I love your spunk, but your still off the mark. The isolation booths you are attempting to compare to this room in this thread are built completely different...with mass as the main component(isolation)....not treatments. And the dimensions used work for their product...and they are dead...was that a requirement? That was not a question :)

    Let's assume that this fight is worth fighting which it is not since neither of us know to WHAT degree the work was done...and all I concern myself with is what math and the giants of acoustics tell me.

    They tell me small rooms...that is a room less than 1500 cubic feet in volume will have mode issues that are farther apart in spacing and create troublesome peaks and nulls across the acoustical spectrum. Get that room down to 432 cubic feet...and you have a real problem as far as sound is concerned. The modes become farther apart and become ALL the loud passages of the room response...you cannot fight that with foam in a 9X6X8 room effectively, and you shoot yourself in the foot when you effectively cut the room in half in an attempt to have (A) a recording booth, and (B) a mixing room.

    The best thing to do is to ask questions before you do the work...not as a means of putting out a fire and the second is to remove the questionable built wall. Fact is it is not a booth, it is a wall that separates two areas of a room, it is coupled to the room, gives no isolation, what you suggest is that the simple inclusion of the booth will fix all the ills...sir, it does noting of the sort.


    Seals on doors, windows, massing the overhead, massing the floor...it's just a wall and I bet a weak wall at that, a wall that more than likely reinforces the troublesome low frequency areas and actually makes these sounds more available to the neighbors.
     
  15. Flagg Audio

    Flagg Audio Active Member

    I know, the OP is gone and we're left debating two different hypothetical goals for two different hypothetical rooms.

    On a practical level, I don't see the purposes of fixing up a room if there's not enough isolation to be able to actually use it. It's a cart before the horse-type thing.

    On the other end, let's imagine I could care less about the neighbors... treating the room without working on isolation first still leaves me with the sounds of passing cars, honking, gun fire, toilets flushing, neighbors TVs, etc. This means it's still not an ideal environment for much of anything.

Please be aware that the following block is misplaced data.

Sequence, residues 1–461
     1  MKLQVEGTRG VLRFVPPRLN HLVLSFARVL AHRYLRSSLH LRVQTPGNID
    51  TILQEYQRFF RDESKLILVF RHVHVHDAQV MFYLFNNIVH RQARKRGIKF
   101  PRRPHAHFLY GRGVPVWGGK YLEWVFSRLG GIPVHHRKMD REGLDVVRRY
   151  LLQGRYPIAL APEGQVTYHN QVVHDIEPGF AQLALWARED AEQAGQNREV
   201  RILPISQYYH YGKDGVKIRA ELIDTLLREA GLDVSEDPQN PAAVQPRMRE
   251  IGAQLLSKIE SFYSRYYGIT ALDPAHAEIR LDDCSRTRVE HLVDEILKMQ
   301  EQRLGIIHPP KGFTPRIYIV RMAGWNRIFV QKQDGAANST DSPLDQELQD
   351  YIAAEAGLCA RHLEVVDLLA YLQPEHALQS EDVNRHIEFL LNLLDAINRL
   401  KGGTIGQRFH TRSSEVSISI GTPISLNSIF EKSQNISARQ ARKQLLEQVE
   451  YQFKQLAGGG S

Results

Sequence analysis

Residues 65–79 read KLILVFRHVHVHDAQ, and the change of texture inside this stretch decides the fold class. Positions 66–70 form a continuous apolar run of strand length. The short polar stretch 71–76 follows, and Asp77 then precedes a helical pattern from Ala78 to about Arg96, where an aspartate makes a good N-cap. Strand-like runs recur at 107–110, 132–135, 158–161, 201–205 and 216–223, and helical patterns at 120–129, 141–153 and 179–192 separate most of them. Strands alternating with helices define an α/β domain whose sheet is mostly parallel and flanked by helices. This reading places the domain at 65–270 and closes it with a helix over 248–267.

My thought is that isolation needs to come first. Anything more would be gravy. Anything less is not functional, otherwise known as useless.

    Thus: Rugs, foam, blankets, puffy couches and an iso booth, which I believe he already has when he describes an "even smaller booth"
    For the noise coming from the outside he need isolation and dampening. The uncontrolled sound inside is because it's an empty room. Well, fill it with crap.

    You can record quite well in a small, dampened booth. You can also get a great listening environment in a small dampened room as well. That's why my car stereo sounds good.

    I mean, there's not a live concert going on here. It's recording and mixing. With recording, he's never going to get a nice room sound so it's a waste trying. Instead, he'll use the iso booth to record and put reverb in in post.

    For mixing, you want everything as flat as possible. You don't want a live room because it would color the sounds as you're trying to mix them.
    They don't mix records at venues and they don't mix on high end bass-boosted consumer speakers. They mix in small, flat, dry rooms with small flat speakers.

    Home Studio; Not Home Theater.

    What you're saying is 100% correct I just think it's being applied to the wrong question. As you pointed out, the actual question isn't entirely clear (and the OP appears long-gone) but I'm going to side with my version of it. I may be slightly biased in that.

    "making an environment that is acoustically pleasing has nothing to do with pleasing the neighbors"

    I love that line. It would be a good opening to movie or a book.